(2) John Riggins
Centralia-raised Riggins ran for Kansas from 1968-70, and I mean he ran and ran and ran. In 31 games for the Jayhawks, he averaged 5.1 yards per carry, finishing his Kansas career with 2659 rush yards, a mark that at the time broke Gale Sayers’ rushing record and still ranks 7th in the KU record books.
He was part of the 1968 Orange Bowl team, a year in which he was named first team All-Big 8. His senior year of 1970 also saw him pick up first team All-Conference honors. Both of his All-Big 8 honors had him listed at fullback.
Riggins was drafted 6th overall by the New York Jets in the 1971 NFL Draft. He spent five years with the Jets before signing as a free agent with the Washington Redskins, where he would spend the rest of his NFL career. If you’ve got some free time, his contract dispute a few years later with the Redskins is an interesting story. He wanted to renegotiate his deal, the Redskins refused, and he sat out the 1980 season. Joe Gibbs came to Kansas to re-recruit Riggins, and click the link if you want to find out what happened.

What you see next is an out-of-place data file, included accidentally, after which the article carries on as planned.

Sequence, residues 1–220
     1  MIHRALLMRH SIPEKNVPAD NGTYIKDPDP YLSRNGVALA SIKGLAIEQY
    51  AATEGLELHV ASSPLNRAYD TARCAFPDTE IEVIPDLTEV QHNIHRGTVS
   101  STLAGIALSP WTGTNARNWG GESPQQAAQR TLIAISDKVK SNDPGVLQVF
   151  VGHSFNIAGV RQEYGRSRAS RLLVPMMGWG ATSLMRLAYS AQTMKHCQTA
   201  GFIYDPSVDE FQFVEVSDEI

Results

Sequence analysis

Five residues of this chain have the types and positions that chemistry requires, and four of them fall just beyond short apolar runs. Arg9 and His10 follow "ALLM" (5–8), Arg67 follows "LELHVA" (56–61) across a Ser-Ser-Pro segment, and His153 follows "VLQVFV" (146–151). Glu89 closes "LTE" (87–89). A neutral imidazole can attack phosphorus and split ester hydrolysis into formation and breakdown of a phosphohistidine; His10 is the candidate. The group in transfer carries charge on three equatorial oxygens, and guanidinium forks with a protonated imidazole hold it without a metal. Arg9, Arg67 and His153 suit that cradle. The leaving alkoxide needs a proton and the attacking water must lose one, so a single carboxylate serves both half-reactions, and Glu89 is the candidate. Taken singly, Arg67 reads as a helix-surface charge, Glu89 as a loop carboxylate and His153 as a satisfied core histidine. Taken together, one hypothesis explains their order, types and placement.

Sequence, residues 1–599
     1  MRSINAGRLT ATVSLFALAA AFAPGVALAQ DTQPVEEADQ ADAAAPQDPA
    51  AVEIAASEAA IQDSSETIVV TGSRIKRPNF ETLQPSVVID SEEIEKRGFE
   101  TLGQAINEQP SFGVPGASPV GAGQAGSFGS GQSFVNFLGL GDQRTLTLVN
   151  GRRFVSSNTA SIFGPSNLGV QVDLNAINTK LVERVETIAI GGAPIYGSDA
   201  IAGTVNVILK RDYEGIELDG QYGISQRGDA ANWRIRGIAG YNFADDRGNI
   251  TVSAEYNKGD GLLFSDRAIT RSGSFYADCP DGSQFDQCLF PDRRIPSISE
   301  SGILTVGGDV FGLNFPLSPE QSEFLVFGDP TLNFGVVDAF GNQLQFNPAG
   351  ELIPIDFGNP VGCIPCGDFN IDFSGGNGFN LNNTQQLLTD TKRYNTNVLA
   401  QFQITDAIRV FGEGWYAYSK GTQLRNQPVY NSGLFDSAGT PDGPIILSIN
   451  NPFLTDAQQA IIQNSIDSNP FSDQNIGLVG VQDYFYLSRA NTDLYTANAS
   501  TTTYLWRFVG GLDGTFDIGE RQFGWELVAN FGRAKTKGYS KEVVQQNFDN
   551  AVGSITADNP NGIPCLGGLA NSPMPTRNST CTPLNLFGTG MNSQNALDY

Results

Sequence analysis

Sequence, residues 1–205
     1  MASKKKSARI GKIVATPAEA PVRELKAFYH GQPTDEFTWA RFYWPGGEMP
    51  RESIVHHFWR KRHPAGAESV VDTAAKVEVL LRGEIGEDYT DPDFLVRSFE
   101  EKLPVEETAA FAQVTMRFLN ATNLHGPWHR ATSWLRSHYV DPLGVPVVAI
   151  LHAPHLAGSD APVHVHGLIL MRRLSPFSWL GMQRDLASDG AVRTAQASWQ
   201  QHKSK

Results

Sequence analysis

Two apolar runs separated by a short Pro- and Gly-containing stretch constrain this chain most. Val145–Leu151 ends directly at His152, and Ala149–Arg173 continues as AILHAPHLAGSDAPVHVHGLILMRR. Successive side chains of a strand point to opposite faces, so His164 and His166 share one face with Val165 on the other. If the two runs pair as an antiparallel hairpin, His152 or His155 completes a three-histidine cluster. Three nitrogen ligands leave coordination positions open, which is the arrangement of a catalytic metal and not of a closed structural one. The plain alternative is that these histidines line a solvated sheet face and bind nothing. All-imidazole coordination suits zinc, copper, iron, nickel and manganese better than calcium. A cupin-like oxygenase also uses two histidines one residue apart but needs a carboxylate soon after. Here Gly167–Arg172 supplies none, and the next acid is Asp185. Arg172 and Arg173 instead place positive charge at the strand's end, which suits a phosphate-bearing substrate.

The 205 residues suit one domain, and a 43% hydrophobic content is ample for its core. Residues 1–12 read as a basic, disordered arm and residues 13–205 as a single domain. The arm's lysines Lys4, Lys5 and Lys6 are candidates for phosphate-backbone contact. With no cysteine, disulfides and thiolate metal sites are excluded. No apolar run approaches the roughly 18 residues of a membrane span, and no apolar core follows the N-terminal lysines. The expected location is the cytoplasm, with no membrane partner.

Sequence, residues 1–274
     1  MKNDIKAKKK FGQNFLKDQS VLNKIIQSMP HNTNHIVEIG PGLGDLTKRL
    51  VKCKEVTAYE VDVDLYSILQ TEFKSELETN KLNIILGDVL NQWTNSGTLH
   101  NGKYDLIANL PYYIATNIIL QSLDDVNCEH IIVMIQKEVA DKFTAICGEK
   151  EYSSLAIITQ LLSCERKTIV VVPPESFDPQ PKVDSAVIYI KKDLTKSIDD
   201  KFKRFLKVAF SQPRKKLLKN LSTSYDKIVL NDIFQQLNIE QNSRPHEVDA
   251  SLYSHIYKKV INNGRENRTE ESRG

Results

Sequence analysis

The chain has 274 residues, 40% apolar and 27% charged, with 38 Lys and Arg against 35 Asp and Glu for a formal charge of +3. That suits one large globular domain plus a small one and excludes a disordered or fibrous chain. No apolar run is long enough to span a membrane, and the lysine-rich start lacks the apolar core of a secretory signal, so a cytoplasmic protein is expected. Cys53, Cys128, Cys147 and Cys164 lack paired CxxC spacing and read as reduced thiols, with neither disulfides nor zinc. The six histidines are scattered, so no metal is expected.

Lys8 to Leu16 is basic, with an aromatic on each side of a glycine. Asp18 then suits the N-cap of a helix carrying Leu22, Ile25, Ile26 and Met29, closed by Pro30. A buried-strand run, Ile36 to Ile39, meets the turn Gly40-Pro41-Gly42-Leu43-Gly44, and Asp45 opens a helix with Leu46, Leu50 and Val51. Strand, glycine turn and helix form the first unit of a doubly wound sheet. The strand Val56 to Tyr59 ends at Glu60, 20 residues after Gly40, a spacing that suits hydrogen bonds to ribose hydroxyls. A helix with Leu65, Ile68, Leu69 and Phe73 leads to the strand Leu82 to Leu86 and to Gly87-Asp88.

Riggins finished his NFL career with, well, a lot of NFL records - 20 if you believe Wikipedia. He totaled 11,352 rushing yards and 104 TDs. In addition, he was the MVP of Super Bowl XVII and an NFL Hall of Famer, class of 1992.
One last thing to consider - how many players have their own ballad?
(15) Wade Stinson
Randall, KS native Wade Stinson ran for the Jayhawks from 1948-1950. Like a lot of the guys from that era, he was known as a great all-around athlete - an exceptional blocker, dependable pass catcher and a speedy, shifty runner. His senior year of 1950 was his best season; Stinson rushed for 1129 yards, setting a single-season school rushing record that stood for 20 years while being named first team All-Big 7. He finished that season as the No. 5 rusher in the nation.
Stinson was drafted by the Green Bay Packers, but opted to go into insurance instead. He had a varied career after football; after several years in the insurance industry, he became KU’s athletic director, a post he held from 1964-72. Following that, he went into banking. Stinson passed away in 2001 at age 74.
Who was the greater Jayhawk? Log your vote in the comments. Check out the other matchups here.